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For a preview of our next few blogs about myths, see our march 3-14 blog on 5 000 year old yeast!

Myth #1 Yeast is all the same

Absolutely not! Now that was simple. The explanation is more complex, books have been written on the subject. But, here are a few glimpses. There are over 1500 types of yeast out there, in nature and "bred" for specific purposes.

Wild yeast is everywhere. In the old days, Greeks and Romans etc would let the grapes ferment with the "natural yeast"  present on the skins. A hit and miss proposition ending up with good wine at times and totally rank at others.

Our kits come with the "bred" Lalvin 1118 yeast – made for its purpose and very reliable. There is also Lalvin 1116, meant for home made fruit wines other than grape. There are many others as all of them are bred for a specific purpose – imparting taste for example.

Bread yeast: As it says, for bread. It's purpose is to produce CO2 to leaven the bread dough. Otherwise with no leavening, you get flat-bread. Can it be used to make home made wine? Yes, sort of. It is still used but because it does not tolerate alcohol very well, it will be killed off at 6-7% resulting in a sweet and low alcohol wine.

Vinegar Yeast: Again as it says, it is bred to produce vinegar. Where as lalvin yeast feeds on sugar, vinegar yeast (aceto bacter) feeds on alcohol. Not even close in purpose. Remember the comment above about "natural yeast"? It to is present everywhere. It preys on the alcohol in wine or beer after other yeasts had done their work. No wonder the old timers sometimes say "Mama mia, 2004 was a bad year".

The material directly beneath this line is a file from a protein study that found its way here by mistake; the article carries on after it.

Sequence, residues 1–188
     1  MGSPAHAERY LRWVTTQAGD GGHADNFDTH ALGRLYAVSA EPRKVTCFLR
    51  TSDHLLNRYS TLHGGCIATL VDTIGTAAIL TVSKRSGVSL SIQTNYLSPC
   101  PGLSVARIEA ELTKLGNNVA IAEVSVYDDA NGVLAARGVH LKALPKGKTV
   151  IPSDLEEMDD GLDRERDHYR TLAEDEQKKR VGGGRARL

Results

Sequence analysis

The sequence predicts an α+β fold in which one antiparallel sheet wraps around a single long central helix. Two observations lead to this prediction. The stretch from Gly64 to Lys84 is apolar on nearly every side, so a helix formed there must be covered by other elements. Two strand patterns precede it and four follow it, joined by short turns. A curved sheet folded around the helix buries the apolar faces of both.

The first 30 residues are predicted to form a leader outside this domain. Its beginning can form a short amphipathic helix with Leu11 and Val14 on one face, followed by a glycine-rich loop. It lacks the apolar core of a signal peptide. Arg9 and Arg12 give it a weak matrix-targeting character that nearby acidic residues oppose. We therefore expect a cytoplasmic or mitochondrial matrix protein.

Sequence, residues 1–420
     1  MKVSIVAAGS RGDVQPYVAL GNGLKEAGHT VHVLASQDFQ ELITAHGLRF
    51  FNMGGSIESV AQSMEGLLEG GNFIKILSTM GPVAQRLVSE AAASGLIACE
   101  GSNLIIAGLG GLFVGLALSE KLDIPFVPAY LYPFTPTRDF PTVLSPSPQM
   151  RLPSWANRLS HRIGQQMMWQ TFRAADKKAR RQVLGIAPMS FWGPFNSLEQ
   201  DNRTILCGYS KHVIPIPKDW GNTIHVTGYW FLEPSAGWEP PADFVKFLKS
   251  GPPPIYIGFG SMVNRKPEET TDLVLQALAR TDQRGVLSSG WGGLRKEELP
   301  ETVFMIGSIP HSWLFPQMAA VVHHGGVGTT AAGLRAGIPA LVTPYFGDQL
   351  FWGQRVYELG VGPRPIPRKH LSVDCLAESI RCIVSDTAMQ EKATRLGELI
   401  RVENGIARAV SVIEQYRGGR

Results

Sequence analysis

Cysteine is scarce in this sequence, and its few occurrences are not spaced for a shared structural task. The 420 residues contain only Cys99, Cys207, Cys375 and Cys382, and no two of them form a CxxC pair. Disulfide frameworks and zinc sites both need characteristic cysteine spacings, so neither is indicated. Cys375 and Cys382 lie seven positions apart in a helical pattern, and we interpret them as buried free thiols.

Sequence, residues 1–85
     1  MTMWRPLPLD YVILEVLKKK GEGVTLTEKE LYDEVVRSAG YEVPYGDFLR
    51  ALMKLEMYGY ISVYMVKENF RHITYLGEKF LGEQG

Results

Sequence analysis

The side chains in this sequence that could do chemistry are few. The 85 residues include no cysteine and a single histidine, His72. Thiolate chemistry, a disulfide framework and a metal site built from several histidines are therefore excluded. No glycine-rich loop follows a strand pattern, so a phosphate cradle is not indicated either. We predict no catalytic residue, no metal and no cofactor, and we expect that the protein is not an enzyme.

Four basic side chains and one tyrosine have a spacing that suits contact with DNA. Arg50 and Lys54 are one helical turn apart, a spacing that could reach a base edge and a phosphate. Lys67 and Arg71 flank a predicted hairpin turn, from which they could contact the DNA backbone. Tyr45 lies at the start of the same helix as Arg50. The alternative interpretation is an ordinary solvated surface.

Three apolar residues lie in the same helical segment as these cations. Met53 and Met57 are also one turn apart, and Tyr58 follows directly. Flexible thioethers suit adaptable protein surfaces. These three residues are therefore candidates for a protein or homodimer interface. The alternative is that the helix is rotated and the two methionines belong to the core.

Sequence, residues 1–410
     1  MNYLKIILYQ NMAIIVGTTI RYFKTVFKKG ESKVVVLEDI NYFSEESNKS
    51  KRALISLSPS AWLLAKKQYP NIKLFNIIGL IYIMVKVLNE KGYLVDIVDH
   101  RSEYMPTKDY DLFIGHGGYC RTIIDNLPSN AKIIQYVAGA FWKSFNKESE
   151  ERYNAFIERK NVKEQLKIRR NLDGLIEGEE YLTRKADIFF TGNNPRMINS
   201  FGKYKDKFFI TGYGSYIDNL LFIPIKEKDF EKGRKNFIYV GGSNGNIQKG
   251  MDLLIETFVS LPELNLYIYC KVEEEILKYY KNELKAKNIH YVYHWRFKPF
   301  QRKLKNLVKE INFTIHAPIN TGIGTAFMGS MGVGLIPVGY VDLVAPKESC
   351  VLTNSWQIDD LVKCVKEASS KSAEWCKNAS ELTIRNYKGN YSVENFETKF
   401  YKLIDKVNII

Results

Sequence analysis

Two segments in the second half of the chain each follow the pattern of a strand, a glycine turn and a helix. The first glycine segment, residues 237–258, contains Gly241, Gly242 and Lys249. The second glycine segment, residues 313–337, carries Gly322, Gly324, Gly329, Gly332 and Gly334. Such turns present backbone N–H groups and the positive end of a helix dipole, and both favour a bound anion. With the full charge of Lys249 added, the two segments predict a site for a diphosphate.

High alcohol yeast: Bred to tolerate a higher alcohol content (20-22%) Usually the intent is to distill the alcohol to take advantage of a higher volume of sugar.

Beer yeast: Same story. Meant to ferment wort into beer. Usually they tolerate 5-7% alcohol but some are more alcohol tolerant. The Belgians are good at it.

Some beer yeasts are bottom fermenting meaning less oxygen and a cooler temperature (ex Lagers). Others are top fermenting, the opposite and will result in ales, very British.

I could go on but then, there is always Google!